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LIFE LESSONS LEARNED FROM AZAD MAIDAN 1988

I often wonder what it is in cricket or sports that makes it so interesting. Is it passion, inspiration, thrill, or simply entertainment? For me, it is the life lessons that we learn from watching sports.

Let’s revisit February 1988 Azad Maidan, Bombay. The famous 664 partnership between Vinod Kambli and Sachin Tendulkar in the Harris Shield semi-final clash against St Xavier when these two young schoolboys from Shardashram started batting with the on score 60/2 and kept on batting and batting until they rewrote history. Almost thirty years later we took a closer look at the journey of the key players involved to fine that there is so much to learn beyond fours and sixes.

Lesson 1: The Master

Tendulkar went on to become one of the greatest batsmen ever to have played the game. Of course it was his talent but we love him for what he did off the field too. No matter how successful you are, you have to be disciplined in life and humble with your actions. There were so many times that it was Tendulkar’s bat which silenced the critics – no matter what your field of work is, let your work do the talking. You have to be patient enough to wait for the right opportunities and once they come your way you have to grab them.

Tendulkar did not score a century in his first 75 odd games, maybe he was batting in the middle order and not getting enough chances. But one morning in 1994, in Auckland when Navjot Singh Siddhu did not play Sachin asked the captain to open the innings and scored 82 off 49 balls and the rest is history. So discipline, patience, humility and opportunity.

Lesson 2: Cry Baby Cry

When I say Vinod Kambli what image comes to mind?

Semifinal 1996 World Cup Eden Gardens.

Kambli had a flying start to his career with centuries and double centuries.  But with so much talent what went wrong? It was discipline. Kambli’s off-field behavior started to affect his performance. Kambli’s sleepless nights in dance clubs made him miss the team bus on occasion. Remember everyone is replaceable nothing is permanent if you have lost an opportunity you have to work harder to get it back. If you are passionate about your work and something does not go the way you need it to, don’t cry just promise yourself that next time you will work harder. Not defending the Eden Garden crowd behavior, but they did not have enough faith in Kambli because Kambli had been inconsistent and impatient in his shot selection in earlier games. In the end, your talent is of no use if you are not disciplined, you have not generated enough trust among your teammates or followers and no one likes a cry baby so control your emotions – be it anger, joy, or sorrow.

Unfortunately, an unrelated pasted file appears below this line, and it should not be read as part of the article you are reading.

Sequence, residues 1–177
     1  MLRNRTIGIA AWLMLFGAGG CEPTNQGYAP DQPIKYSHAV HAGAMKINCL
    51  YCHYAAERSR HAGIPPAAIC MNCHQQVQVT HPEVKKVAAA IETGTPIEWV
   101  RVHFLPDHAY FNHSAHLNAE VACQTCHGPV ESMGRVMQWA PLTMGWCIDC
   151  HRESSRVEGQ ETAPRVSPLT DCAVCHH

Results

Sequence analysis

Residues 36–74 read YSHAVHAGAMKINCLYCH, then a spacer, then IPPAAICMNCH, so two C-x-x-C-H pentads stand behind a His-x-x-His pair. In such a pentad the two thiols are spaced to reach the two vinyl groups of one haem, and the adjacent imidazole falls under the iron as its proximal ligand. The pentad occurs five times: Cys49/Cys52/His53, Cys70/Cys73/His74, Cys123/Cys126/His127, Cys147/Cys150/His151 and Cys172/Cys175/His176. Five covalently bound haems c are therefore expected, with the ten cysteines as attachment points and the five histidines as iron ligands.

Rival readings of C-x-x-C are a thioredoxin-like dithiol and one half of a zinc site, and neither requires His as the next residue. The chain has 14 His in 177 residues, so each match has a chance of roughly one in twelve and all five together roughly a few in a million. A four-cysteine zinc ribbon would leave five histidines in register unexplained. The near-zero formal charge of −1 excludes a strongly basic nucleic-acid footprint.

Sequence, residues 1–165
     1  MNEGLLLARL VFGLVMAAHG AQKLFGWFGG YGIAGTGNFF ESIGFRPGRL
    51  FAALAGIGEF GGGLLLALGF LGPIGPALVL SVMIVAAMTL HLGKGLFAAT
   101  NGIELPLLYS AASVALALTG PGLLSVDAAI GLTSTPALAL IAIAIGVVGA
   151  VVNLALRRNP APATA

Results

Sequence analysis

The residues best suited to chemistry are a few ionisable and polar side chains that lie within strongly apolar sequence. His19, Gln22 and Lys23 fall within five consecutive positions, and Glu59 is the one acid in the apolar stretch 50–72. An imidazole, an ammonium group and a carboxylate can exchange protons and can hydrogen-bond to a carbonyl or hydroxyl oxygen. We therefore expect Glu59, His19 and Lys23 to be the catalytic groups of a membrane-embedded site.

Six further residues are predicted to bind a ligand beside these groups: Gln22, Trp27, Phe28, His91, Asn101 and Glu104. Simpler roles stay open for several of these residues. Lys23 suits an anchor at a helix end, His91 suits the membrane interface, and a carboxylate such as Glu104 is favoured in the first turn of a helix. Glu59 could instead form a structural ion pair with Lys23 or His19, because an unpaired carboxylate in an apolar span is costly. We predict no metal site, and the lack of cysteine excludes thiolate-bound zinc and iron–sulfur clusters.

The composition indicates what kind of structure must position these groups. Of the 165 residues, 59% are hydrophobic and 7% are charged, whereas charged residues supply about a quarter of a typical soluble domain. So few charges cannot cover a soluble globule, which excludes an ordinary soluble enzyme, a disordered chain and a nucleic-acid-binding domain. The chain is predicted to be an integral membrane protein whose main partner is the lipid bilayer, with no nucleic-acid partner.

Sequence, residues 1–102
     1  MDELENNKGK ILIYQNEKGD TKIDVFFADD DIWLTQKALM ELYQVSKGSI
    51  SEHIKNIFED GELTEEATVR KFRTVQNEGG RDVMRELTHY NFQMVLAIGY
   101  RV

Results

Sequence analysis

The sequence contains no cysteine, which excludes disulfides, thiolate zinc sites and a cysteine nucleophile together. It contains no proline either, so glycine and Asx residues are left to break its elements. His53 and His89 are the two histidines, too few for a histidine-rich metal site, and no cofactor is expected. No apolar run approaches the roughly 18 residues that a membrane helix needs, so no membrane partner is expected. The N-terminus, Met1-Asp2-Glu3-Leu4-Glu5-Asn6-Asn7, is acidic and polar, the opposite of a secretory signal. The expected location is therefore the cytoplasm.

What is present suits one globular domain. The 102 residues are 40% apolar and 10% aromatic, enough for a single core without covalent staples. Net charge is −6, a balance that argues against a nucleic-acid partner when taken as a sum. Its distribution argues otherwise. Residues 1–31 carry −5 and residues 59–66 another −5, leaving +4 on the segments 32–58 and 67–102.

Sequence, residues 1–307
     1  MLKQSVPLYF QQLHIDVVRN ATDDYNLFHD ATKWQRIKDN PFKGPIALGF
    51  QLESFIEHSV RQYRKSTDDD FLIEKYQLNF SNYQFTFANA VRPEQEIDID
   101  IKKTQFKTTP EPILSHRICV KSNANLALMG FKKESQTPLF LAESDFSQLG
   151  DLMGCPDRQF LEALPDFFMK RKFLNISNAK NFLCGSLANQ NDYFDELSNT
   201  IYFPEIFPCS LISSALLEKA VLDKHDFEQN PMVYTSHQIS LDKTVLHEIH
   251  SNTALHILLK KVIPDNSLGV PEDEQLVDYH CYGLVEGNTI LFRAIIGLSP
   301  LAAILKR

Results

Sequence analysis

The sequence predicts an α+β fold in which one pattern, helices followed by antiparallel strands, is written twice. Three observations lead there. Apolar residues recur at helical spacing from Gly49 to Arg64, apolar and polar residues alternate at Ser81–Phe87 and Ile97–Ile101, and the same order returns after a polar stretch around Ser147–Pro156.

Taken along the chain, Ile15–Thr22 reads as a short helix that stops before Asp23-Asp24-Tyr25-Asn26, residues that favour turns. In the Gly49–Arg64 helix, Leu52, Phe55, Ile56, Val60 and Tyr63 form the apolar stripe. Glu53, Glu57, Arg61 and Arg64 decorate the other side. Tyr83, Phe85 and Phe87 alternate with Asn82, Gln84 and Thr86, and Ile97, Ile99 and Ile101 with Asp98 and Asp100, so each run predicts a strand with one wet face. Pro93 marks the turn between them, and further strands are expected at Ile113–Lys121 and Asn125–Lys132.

Lesson 3: Luck By Chance

Not many people know the other kid who was about to bat next, Amol Mazumdar in that Azad Maidan game. Amol waited and waited to the extent that he never got a chance to play for India. Sometimes in life, you have to be at the right time and right place to get the opportunity. Imagine if  Amol had been sent to bat instead of Tendulkar?

We all need a bit of luck to go in our way. Coach Ramakant Achrekar was continuously giving instructions to Tendulkar and Kambli to declare and let other players have a chance but they ignored it, and poor Amol was left to watch.

So what happened to Amol?

He kept on playing Ranji matches and when he retired he had scored the most number of runs in the Ranji Trophy and I am sure he will be happy looking back at his career. He made the most of his situation despite luck not being on his side.

Lesson 4: Hand of God

I will wrap up with my last lesson and it comes from coach Achrekar himself. Finally, when Tendulkar and Kambli talked to the coach he shouted at them to declare the inning, Kambli requested that he needed one more run to complete 350 but he was not allowed to continue and Kambli had to settle with 349 not out. Sometimes, you have to settle for something which you desperately need but you cannot have. How many times do we have to compromise when our parents have not purchased what we need. It was not about that one run but more making the opposition bat and winning the match – which they did by a record of 702 runs.

Written by Saurabh Agrahari

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